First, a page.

City Breaks with Kids: Paris

Think you can't take a city break with kids?  Think again.  With the incomparable delights of Disneyland Paris right on your door step, fantastic self-catering options, and a whole wonderful city to explore, Paris is a fantastic destination for all the family.  Those fascinating streets to wander, wonderful architecture, beautiful parks, fantastic food, and marvellous museums and galleries aren't just for the grown-ups you know, but there are also some very kid-focussed places to discover too.  Here are our top things to do in Paris with kids.


When to go?

Any time of year!  Many people prefer to visit Paris in the summer when temperatures are high, the sun shines, and everything is parfait.  However, it can get very busy in July and August as all of Europe is en vacances then.  We prefer to visit in May, June or September when it is still warm and sunny, but everyone else is back at school and work.  If this is an option for you too, we highly recommend.  However, every season has its own merits, and Paris in autumn, winter and spring is always beautiful too.  Kick the leaves in October half-term, dance in the blossom at Easter, or hope for snow at Christmas.  Paris is always worth visiting.


Where to stay?

First things first, get your accommodation right.  Whether you hop on a plane or the Eurostar or take the car via ferry or tunnel, getting to Paris couldn't be easier.  Driving in the city centre might not appeal to everyone, but if you choose accommodation on the outskirts it will be easy to get to and convenient for public transport throughout your stay.  Finding somewhere comfortable enough to unwind after a day in the city is essential, and a hotel just isn't going to cut it.  We love this lovely Parisian villa with its pretty garden, well-equipped kitchen and home from home atmosphere.  Pack a paddling pool in the car and the kids will think they're in holiday heaven!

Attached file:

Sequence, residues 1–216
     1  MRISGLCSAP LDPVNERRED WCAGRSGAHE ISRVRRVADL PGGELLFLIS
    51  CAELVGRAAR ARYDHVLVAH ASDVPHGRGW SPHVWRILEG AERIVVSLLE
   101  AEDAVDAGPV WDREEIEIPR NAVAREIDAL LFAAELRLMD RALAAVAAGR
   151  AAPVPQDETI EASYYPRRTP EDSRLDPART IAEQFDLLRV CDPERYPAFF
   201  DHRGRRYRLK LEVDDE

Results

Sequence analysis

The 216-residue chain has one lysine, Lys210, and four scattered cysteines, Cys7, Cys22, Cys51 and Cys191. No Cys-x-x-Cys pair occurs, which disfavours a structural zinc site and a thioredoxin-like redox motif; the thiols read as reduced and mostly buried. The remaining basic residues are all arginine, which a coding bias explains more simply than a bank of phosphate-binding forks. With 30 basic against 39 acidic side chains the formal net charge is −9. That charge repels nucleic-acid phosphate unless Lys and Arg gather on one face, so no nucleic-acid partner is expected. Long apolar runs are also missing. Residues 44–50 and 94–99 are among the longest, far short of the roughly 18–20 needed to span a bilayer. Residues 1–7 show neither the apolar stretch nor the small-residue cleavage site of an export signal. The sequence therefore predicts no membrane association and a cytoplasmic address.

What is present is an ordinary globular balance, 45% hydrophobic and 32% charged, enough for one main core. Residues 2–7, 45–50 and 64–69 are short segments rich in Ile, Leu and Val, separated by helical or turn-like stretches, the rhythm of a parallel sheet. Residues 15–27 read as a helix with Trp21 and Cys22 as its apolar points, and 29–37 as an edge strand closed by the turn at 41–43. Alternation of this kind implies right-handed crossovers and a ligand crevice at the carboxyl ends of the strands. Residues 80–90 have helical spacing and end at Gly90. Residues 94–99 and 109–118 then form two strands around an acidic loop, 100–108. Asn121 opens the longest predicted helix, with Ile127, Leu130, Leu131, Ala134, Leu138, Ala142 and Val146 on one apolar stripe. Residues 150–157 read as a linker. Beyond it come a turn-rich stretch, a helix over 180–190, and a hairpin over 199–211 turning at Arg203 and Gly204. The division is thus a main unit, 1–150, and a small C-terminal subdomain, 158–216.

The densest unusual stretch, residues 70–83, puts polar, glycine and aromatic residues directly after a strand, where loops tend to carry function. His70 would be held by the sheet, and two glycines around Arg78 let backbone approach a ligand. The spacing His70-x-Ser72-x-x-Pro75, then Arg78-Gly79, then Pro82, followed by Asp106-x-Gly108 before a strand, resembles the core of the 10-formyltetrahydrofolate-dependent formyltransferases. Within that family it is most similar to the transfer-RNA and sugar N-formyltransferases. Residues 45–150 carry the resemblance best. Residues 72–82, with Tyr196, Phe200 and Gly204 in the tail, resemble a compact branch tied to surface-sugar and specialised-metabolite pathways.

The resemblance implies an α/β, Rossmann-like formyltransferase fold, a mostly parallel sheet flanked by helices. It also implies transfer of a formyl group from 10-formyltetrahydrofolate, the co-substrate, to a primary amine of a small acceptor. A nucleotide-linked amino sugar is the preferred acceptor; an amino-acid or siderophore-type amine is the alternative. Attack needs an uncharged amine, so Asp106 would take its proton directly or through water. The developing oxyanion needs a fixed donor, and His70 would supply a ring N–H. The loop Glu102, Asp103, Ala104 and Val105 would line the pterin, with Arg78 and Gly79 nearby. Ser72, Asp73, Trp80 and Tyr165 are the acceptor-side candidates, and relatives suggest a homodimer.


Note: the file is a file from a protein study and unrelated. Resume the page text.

As with any holiday, pencilling in down days is vital, but what else can you pack into your family-friendly Paris itinerary?

The Eiffel Tower

Say Paris and what's the first image that comes to mind?  That ubiquitous tower must be visited, although many children will prefer to look at, wander and wonder under, or play nearby in the lovely gardens than actually go up.  Save some money and time (the queues can be horrendous) by doing just that.  The Champs de Mars is full of attractions for children, such as pedal cars, a vintage merry-go-round and a large playground.  Bring a picnic or seek out La Bonbonnière de Marie on Allée Adrienne Lecouvreur at the north-eastern edge of the park.  Enjoy lunch, admire the stunning views, and don't forget to visit the Tower again in the evening when it is lit up beautifully.